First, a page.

Using LAB Color

I’ve been reading Dan Margulis’s masterful Photoshop LAB Color: The Canyon Conundrum and Other Adventures in the Most Powerful Colorspace. I thought I’d give some of the techniques he explains a try, starting with this image. I’m admittedly a piker with LAB color, but after this experience I’ll be using it more, and learning more about it.

You select LAB color on the Photoshop Image>Mode menu as an alternative to RGB (for computer monitors) or CMYK (for printing). You can’t really output anything in LAB, so a final step in any workflow in which you’ve converted to LAB is likely to be a conversion back to RGB or CMYK (depending on what you plan to do with the image).

The LAB color model consists of three channels. The L channel stands for luminance. Actually, this channel controls the contrast in the image, and appears in Photoshop as black and white. There’s some additional technical complexity in the way the A and B channels work, but essentially A controls the magenta to green spectrum and B controls the yellow to blue spectrum (both channels using a mechanism called the “opponent-color scheme”).

LAB color was originally specified by a standards body, the International Commission on Illumination (CIE). As the Wikipedia puts it, the LAB color model “is the most complete color model used conventionally to describe all the colors visible to the human eye.”

With the photo above, I converted to LAB color pretty early in my workflow. I was able to use the Curves dialog in Photoshop to easily color correct both the canyon area and the sky. By way of comparison, and to show what an excellent correction this is, here’s a link to a similar image from the same set that I processed a while ago without using LAB.

This entry was posted in Landscape, Photography, Photoshop Techniques.

One Comment

  1. katiemichelle August 30, 2006 at 3:30 pm #

    I love the tones in this one. I looked at the other version (withouth LAB) and really appreciate that picture as well, but there is something “digital”, something “photograph” about it. Had I only seen the older photo, I probably wouldn’t have thought twice about it. Its a beautiful image, its got great color and it really pops out, but the comparison is really incredible. I mean, with the LAB photo I feel like I’m ACTUALLY looking at this place, rather than seeing it on a wall or in this case a photoblog. Just my opinion I guess.

    Thanks for the compare and contrast and all the extra info in there. Really beautiful shot.

16 Trackbacks

  1. […] shows. The difference between a mundane image and one that resonates is subtle. So I say, three cheers for LAB color, which I used as part of my workflow in post-processing this capture.
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    […] larger. This is a fairly straight studio shot of gladiolas in a vase. I converted it to LAB Color in Photoshop, and then inverted the Luminosity (L) channel (by making sure only the L channel […]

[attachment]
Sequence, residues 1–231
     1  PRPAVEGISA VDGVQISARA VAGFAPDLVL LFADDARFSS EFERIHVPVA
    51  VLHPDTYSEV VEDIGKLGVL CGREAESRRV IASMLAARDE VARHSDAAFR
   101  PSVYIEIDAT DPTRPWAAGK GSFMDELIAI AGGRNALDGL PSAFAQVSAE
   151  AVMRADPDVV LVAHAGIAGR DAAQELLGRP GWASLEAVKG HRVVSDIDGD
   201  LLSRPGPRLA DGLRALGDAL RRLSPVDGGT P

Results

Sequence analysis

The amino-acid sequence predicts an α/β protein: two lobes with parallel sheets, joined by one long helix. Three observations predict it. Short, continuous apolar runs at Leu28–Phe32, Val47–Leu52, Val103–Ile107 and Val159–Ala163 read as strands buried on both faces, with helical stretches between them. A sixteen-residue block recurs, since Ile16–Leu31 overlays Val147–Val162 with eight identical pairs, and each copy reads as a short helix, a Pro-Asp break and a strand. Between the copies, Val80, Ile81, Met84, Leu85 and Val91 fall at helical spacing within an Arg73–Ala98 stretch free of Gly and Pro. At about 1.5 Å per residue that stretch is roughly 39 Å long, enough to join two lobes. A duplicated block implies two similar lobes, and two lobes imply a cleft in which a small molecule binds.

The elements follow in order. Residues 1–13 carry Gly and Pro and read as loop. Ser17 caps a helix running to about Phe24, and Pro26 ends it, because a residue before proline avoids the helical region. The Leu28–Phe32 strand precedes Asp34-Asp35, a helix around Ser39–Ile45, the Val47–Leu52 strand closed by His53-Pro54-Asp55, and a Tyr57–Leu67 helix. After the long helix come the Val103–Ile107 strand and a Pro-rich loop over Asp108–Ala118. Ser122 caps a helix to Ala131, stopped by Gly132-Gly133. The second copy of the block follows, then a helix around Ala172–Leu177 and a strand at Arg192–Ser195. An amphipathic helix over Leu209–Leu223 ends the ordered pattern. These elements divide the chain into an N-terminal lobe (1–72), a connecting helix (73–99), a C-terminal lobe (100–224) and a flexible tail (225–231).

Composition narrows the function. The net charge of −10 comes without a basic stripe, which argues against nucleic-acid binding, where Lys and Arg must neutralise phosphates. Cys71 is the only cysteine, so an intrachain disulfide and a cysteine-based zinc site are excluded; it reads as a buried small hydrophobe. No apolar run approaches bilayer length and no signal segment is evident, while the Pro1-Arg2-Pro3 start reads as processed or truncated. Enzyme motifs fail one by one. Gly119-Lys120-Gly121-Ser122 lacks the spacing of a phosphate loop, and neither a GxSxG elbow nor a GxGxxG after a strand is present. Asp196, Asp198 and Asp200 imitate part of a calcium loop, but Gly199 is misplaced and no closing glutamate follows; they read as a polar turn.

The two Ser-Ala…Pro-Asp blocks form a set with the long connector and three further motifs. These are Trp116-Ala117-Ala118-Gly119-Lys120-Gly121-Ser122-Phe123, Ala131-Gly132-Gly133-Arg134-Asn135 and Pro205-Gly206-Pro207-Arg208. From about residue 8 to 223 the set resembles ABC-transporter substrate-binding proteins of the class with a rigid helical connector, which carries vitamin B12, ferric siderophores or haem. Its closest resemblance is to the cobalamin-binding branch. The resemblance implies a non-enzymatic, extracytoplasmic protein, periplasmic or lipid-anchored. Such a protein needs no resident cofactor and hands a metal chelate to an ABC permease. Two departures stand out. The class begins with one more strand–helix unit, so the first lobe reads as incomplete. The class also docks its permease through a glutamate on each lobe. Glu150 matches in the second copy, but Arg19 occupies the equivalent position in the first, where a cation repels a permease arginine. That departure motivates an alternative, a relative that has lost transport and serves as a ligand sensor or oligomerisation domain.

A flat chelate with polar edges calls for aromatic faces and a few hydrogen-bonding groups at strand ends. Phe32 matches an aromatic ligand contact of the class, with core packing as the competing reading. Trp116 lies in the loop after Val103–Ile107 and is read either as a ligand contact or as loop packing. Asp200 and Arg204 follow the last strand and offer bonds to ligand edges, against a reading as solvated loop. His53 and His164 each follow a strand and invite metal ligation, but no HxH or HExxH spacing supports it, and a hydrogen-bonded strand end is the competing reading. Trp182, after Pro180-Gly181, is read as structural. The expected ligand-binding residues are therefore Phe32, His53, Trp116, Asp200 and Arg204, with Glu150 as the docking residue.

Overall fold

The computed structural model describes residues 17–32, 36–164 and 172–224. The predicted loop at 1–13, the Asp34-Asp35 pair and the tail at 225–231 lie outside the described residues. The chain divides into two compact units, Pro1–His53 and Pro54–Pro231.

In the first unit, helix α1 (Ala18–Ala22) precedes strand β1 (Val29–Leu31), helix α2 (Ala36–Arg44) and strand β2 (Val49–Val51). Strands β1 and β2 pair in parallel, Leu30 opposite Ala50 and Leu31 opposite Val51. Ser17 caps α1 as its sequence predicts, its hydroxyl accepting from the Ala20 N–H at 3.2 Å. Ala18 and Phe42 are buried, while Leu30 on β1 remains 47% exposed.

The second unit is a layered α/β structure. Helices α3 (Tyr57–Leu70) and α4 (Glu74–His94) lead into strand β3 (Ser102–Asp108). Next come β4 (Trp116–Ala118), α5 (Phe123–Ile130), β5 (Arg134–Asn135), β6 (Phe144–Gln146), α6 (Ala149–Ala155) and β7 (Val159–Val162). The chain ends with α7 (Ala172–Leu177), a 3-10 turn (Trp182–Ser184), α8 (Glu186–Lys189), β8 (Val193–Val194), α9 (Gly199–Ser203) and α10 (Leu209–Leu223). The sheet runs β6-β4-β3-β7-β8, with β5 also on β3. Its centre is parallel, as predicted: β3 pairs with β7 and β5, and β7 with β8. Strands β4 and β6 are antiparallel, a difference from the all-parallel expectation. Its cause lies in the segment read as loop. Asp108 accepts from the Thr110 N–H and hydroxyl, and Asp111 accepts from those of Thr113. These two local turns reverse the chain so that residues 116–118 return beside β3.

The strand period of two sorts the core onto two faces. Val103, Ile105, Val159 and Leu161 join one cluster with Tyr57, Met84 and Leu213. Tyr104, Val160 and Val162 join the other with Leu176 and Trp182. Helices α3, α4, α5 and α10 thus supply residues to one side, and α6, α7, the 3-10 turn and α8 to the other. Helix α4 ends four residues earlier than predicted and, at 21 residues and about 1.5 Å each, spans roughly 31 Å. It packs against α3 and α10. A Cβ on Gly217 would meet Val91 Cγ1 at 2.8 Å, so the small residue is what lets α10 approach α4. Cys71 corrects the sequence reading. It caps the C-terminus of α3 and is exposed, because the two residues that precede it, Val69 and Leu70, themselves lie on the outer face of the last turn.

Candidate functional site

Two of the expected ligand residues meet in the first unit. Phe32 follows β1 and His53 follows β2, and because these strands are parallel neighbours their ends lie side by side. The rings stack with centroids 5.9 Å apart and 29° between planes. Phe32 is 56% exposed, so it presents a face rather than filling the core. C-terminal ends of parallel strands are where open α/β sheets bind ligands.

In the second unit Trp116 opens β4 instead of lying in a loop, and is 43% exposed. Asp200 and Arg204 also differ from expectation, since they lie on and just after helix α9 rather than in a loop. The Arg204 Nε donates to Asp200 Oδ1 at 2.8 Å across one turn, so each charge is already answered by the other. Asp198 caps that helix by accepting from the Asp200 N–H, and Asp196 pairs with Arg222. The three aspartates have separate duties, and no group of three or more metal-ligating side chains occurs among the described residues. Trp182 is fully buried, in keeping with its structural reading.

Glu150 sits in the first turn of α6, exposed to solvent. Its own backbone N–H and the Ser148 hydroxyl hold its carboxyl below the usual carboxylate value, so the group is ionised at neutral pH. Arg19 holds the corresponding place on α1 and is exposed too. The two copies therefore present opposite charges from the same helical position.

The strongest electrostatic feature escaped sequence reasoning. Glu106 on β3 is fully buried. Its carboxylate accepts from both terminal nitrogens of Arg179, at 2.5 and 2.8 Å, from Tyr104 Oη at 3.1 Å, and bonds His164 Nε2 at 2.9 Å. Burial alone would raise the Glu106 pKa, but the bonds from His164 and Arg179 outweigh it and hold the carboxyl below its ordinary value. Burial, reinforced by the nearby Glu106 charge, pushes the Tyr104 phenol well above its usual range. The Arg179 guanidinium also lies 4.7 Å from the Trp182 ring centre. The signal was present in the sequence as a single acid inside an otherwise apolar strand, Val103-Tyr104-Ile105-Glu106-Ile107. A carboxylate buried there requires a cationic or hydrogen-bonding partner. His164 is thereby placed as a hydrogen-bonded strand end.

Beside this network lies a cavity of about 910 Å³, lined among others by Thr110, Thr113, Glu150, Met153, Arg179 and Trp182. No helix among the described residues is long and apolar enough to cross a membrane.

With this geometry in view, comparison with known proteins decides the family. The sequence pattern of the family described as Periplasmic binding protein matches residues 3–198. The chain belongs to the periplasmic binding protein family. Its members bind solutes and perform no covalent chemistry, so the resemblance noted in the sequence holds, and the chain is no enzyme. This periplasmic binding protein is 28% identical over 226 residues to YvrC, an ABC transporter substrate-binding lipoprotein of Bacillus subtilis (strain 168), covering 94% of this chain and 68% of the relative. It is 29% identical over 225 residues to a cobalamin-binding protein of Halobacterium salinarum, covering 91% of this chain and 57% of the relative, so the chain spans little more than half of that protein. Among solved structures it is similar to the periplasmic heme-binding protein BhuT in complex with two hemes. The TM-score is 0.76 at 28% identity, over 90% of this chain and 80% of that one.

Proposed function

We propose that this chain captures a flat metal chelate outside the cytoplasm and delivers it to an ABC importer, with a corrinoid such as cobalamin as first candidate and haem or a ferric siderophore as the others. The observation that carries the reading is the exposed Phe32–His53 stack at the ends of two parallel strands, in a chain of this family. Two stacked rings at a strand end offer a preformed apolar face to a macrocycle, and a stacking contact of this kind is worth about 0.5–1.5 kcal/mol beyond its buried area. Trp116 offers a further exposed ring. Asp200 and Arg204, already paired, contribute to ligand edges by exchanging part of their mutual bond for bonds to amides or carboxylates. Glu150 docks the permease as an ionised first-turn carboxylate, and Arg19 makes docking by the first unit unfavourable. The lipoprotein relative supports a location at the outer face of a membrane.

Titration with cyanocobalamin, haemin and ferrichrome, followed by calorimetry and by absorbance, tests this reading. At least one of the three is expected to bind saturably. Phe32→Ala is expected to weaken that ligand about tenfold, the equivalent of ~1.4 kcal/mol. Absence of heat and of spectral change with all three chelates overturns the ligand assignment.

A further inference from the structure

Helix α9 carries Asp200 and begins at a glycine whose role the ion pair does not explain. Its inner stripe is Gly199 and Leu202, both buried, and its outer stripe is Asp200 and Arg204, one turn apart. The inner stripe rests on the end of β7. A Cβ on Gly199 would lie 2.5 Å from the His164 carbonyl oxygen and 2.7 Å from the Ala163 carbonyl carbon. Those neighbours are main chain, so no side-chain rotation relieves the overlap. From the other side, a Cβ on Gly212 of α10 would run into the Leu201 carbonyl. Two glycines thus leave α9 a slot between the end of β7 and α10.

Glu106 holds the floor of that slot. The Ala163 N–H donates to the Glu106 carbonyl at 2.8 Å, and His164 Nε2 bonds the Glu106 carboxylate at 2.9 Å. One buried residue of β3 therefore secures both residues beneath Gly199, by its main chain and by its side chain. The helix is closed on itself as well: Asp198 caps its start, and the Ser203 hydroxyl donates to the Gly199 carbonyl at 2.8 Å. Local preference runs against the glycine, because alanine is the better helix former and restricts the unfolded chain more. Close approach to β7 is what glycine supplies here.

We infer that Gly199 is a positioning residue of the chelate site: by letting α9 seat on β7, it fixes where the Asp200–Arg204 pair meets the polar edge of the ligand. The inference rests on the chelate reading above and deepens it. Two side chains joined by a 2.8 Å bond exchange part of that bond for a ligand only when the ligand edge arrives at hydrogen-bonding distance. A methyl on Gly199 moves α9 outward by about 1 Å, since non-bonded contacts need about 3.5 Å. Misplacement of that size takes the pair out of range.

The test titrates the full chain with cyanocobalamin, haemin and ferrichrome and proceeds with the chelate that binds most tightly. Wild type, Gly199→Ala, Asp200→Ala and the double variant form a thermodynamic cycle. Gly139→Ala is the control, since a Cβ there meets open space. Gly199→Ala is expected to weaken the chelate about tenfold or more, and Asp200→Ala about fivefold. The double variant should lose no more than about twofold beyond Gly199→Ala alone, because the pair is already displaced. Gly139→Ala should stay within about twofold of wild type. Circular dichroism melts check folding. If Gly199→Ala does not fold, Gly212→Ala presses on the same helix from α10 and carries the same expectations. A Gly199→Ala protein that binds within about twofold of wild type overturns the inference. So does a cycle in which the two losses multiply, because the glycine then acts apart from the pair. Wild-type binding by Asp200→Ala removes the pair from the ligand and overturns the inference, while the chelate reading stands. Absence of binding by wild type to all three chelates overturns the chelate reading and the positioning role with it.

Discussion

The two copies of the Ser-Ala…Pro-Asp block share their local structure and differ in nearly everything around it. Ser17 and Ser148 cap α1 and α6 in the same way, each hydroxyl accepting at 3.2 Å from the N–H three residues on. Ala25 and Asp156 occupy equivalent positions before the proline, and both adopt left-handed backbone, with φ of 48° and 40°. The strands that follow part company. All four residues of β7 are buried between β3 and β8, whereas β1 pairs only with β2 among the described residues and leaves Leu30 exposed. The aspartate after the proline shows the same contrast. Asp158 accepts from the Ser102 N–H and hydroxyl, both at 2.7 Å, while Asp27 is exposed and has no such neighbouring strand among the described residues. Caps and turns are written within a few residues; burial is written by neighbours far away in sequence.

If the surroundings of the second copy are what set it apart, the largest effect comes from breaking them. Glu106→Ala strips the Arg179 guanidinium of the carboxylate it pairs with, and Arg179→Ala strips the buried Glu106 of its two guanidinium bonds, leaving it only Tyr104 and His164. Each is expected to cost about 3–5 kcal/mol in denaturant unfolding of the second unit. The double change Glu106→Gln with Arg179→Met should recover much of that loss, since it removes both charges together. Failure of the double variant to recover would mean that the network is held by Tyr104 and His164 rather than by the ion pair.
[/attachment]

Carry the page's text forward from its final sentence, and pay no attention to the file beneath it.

3. […] photograms shows capillarity, or capillar action, in a leaf. The version above has had the LAB Color channles inverted. The behind-the-scenes tool that makes work like this possible for me is m […]

  4. […] s was a pretty straight studio shot of a bougainvillea bract. In Photoshop, I converted to LAB color. I kept a copy of the original, and inverted each channel, which I applied back in various bl […]

  5. […] nding modes. My own cross-processing technique is complicated, and starts with the use of LAB color. I plan to explain some of the details of the process in a future story. Related links: Phot […]

  6. […] 8217;s what I did. I took a duplicate of the center component exposure and converted it to LAB color. Next, I inverted the luminosity channel to come up with a reverse image of the white strip ( […]

  7. […] otated version of itself. The mild Photoshopping consists of blending the original with a LAB color inversion of itself using the Multiply belnding mode at a low opacity and a layer mask (creat […]

  8. […] cessed this image from Camera RAW using my normal workflow to reduce noise and selectively enhance luminance and radiance (this story will give you an idea of what I mean by enhancing radiance). […]

  9. […] create an appropriate mask by converting a duplicate of the darker version of the image to LAB color. Next, I dropped the A and B channels of the image, leaving just the luminosity information. […]

  10. […] s, plastic gnomes, wishing wells, or pink flamingos in their garden… Read more. Post 598: I’ve been reading Dan Margulis’s masterful Photoshop LAB Color: The Canyon Conundrum an […]

  11. […] ted part of our garden, first on white, then via an inversion of the Luminosity channel in LAB color, on black. By the way, the original Photoshop files for these two images are huge, each a b […]

  12. […] ted part of our garden, first on white, then via an inversion of the Luminosity channel in LAB color, on black. By the way, the original Photoshop files for these two images are huge, each a b […]

  13. […] on the image in Photoshop using a variety of blending modes with duplicated inversions of LAB channels. […]

  14. […] on a light box using a macro lens and extension tube. In Photoshop, I converted the image to LAB color. Next, I inverted the image (to get the black background) and combined the inversion with the […]

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